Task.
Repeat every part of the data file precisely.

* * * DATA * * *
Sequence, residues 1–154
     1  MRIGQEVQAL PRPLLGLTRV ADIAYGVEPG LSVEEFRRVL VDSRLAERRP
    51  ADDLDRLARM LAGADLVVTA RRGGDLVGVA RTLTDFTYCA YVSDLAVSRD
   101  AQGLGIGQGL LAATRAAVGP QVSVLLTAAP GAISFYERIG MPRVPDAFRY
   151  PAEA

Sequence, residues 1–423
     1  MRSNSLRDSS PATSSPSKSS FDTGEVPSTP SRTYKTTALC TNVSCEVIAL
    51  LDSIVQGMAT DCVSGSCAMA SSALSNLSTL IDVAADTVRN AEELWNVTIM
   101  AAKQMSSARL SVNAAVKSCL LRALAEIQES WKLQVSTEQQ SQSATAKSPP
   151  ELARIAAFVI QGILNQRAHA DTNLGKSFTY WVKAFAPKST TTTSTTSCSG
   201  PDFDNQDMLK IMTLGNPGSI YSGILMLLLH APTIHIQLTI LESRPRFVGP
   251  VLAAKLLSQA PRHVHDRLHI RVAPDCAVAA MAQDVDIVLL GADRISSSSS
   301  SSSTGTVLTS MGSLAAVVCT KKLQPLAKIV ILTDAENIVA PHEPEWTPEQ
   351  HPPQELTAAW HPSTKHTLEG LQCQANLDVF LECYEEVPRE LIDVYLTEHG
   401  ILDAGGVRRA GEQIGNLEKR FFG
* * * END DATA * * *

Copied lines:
Sequence, residues 1–154
     1  MRIGQEVQAL PRPLLGLTRV ADIAYGVEPG LSVEEFRRVL VDSRLAERRP
    51  ADDLDRLARM LAGADLVVTA RRGGDLVGVA RTLTDFTYCA YVSDLAVSRD
   101  AQGLGIGQGL LAATRAAVGP QVSVLLTAAP GAISFYERIG MPRVPDAFRY
   151  PAEA

Sequence, residues 1–423
     1  MRSNSLRDSS PATSSPSKSS FDTGEVPSTP SRTYKTTALC TNVSCEVIAL
    51  LDSIVQGMAT DCVSGSCAMA SSALSNLSTL IDVAADTVRN AEELWNVTIM
   101  AAKQMSSARL SVNAAVKSCL LRALAEIQES WKLQVSTEQQ SQSATAKSPP
   151  ELARIAAFVI QGILNQRAHA DTNLGKSFTY WVKAFAPKST TTTSTTSCSG
   201  PDFDNQDMLK IMTLGNPGSI YSGILMLLLH APTIHIQLTI LESRPRFVGP
   251  VLAAKLLSQA PRHVHDRLHI RVAPDCAVAA MAQDVDIVLL GADRISSSSS
   301  SSSTGTVLTS MGSLAAVVCT KKLQPLAKIV ILTDAENIVA PHEPEWTPEQ
   351  HPPQELTAAW HPSTKHTLEG LQCQANLDVF LECYEEVPRE LIDVYLTEHG
   401  ILDAGGVRRA GEQIGNLEKR FFG